Guest Author - Kathy L. Brown
Like many people, Laurel's Kitchen introduced me to vegetarianism as a way of life, not just a food style. But far from strident evangelizing, this hefty volume leads by example. The authors testify to their vegetarian path and how they learned to cook along the way.
When Laurel's Kitchen -- A Handbook for Vegetarian Cookery and Nutrition was first published in the 1970s, the world of healthy foods looked quite different than it does today. The bread was a fluffy, white balloon and beef was for dinner. Whole-wheat flour? Forget about. Soy milk? No way. Many products we now expect to see at any large supermarket could only be found at hole-in-the-wall natural foods stores in the student districts of large cities and college towns.
Nothing remotely like a healthy, vegetarian convenience product was available, so vegetarian who wanted to actually eat nutritious, balanced, and varied meals had to cook. And really cook, making everything from bread to peanut butter to yogurt from scratch. Laurel's Kitchen told them how to do it.
Do we still need Laurel's Kitchen? I think our wallets would say yes. Convenient foods are expensive, and the book's simple approach empowers the reader to say, Yes, I can. I have made yogurt with powdered milk and an electric heating pad, using this book. I have baked whole-wheat, multi-grain nut bread in coffee cans, using this book. I have even sprouted seeds with wet paper towels and plastics bags, using this book.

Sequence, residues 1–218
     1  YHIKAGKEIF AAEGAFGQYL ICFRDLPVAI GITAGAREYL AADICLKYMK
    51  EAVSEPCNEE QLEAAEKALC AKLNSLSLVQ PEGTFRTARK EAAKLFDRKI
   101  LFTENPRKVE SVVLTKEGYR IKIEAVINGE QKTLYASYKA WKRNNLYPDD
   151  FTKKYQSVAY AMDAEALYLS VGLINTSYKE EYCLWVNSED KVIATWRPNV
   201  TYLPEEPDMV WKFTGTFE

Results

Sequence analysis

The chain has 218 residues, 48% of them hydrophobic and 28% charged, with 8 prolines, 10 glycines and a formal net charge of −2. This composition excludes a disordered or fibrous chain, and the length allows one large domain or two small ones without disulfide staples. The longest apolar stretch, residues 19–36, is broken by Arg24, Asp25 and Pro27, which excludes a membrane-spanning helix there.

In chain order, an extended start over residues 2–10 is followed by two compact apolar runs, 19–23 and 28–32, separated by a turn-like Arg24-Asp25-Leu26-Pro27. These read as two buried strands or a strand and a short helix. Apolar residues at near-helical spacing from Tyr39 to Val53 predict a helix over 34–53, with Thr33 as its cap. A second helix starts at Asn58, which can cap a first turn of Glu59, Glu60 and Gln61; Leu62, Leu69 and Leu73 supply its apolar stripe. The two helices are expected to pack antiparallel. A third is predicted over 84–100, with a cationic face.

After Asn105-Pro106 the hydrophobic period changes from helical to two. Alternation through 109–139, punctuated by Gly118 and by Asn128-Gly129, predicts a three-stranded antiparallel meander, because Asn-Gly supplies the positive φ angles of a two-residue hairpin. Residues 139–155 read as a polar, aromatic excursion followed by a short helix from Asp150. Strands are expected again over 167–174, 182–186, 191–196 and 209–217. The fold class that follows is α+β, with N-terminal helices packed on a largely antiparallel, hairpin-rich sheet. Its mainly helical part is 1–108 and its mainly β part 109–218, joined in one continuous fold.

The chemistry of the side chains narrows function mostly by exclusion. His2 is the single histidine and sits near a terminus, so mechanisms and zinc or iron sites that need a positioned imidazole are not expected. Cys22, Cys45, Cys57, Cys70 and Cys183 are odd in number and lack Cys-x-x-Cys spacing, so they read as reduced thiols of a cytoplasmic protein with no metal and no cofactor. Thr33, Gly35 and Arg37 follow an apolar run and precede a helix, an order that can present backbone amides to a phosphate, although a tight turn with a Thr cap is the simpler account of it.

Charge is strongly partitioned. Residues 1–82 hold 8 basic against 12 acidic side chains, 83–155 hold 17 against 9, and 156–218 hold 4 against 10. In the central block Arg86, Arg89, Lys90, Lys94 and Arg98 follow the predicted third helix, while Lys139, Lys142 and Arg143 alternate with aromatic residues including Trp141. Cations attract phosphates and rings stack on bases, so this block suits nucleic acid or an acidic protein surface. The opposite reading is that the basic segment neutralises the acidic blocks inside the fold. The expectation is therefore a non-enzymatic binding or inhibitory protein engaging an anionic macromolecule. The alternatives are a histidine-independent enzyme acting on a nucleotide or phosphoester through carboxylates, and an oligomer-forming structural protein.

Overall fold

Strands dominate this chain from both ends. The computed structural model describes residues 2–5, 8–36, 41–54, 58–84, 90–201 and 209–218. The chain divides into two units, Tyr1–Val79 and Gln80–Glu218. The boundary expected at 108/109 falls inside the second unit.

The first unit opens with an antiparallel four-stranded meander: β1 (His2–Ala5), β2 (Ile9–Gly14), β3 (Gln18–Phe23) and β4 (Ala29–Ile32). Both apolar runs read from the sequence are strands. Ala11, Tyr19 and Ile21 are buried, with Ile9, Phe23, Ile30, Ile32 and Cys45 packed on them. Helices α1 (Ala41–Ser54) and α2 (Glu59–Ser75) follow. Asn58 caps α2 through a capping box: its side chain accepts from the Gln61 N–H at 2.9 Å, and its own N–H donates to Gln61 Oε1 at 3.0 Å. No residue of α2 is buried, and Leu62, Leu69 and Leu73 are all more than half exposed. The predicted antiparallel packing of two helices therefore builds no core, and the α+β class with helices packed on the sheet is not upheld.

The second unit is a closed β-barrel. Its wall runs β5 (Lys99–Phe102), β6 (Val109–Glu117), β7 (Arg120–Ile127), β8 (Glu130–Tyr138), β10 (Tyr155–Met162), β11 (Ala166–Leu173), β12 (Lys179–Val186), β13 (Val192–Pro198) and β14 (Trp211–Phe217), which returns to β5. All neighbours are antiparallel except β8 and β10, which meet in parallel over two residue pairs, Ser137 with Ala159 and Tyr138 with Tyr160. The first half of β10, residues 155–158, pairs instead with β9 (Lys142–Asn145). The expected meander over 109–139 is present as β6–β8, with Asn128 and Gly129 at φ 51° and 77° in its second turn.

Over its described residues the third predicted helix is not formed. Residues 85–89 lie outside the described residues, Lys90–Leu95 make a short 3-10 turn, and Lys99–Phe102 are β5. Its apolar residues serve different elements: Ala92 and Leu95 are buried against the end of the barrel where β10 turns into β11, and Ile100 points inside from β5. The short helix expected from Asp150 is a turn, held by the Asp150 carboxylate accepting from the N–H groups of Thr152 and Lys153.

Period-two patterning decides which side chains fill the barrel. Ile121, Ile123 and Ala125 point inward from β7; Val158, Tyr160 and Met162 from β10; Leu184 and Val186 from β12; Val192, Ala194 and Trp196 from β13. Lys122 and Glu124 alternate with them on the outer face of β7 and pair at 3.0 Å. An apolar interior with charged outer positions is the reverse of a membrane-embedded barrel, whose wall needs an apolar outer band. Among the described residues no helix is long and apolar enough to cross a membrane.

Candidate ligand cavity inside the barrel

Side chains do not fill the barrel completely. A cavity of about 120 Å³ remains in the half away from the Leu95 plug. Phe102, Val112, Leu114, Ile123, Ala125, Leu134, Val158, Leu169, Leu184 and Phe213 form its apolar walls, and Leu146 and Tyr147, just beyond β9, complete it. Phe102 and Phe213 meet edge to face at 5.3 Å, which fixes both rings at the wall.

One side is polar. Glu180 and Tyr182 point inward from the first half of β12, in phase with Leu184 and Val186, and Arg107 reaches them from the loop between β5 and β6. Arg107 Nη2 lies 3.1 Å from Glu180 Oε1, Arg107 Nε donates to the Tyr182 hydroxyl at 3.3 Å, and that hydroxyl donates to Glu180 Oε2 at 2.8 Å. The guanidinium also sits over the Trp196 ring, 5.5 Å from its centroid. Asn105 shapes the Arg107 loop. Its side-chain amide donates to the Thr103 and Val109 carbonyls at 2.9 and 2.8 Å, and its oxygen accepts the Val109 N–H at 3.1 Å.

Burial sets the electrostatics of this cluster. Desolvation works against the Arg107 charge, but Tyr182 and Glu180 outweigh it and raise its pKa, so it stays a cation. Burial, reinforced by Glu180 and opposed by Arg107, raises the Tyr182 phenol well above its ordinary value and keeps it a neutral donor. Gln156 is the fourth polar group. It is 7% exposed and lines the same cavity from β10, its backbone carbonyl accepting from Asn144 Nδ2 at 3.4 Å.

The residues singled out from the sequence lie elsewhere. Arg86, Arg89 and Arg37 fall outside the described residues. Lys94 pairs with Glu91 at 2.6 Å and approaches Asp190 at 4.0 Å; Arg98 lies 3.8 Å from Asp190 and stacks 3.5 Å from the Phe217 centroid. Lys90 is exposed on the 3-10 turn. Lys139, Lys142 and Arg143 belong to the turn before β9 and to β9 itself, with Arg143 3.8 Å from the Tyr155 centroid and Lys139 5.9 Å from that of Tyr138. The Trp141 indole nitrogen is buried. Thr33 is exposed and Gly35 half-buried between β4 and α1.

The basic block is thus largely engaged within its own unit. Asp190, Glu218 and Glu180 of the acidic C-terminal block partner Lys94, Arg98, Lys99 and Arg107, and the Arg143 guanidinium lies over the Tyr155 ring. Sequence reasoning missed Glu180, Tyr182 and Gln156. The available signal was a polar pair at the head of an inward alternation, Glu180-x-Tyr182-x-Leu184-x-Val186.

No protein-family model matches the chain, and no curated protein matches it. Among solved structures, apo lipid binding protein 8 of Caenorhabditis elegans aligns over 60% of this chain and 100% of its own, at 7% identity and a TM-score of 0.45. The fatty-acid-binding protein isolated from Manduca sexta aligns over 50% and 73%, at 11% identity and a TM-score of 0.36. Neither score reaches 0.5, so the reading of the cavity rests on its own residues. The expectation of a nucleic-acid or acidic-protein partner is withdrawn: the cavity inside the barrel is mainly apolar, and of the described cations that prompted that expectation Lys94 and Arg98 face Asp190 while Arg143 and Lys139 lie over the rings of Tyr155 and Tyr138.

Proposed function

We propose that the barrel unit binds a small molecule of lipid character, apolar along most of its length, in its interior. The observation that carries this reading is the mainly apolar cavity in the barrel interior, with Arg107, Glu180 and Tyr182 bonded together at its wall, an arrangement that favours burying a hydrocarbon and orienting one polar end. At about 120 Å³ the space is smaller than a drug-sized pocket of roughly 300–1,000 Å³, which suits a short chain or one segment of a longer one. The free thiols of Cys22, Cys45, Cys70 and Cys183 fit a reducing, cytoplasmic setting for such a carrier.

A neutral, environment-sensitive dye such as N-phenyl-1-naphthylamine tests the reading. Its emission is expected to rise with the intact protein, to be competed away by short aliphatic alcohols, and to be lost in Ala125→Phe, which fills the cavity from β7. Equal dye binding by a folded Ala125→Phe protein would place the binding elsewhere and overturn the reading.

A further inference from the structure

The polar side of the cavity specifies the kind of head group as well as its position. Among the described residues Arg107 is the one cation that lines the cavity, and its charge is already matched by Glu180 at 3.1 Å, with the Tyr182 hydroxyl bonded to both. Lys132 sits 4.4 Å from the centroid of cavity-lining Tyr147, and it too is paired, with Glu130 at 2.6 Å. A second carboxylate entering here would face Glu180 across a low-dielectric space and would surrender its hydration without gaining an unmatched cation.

In addition to yogurt making, bread baking, and mung-bean sprouting, Laurel's Kitchen features pages and pages of vegetarian versions of basic fare. A sprinkling of Indian and Asian dishes, as well as American southern cooking, adds variety. All recipes have clear directions and minimal ingredients (that are a lot easier to find these days). They also have an intangible quality, a gentleness and sense of peace, the authors have found as the walk, and cook, softly on the earth.
In addition to being a philosophy book and a cook book, Laurel's Kitchen is an extensive nutrition guide. All major macro and micro nutrients rank a chapter. Do you wish to understand how incomplete vegetable proteins can be combined into complimentary amino acids and thus be as complete a protein source as meat? Here is your teacher.
When I sat down to re-read Laurel's Kitchen, I wondered if it would seem dated. But I still felt welcomed, and still felt I had a lot to learn there. I'm excited to try the vegetable-bean casserole. My local supermarket carries whole-wheat egg noodles now.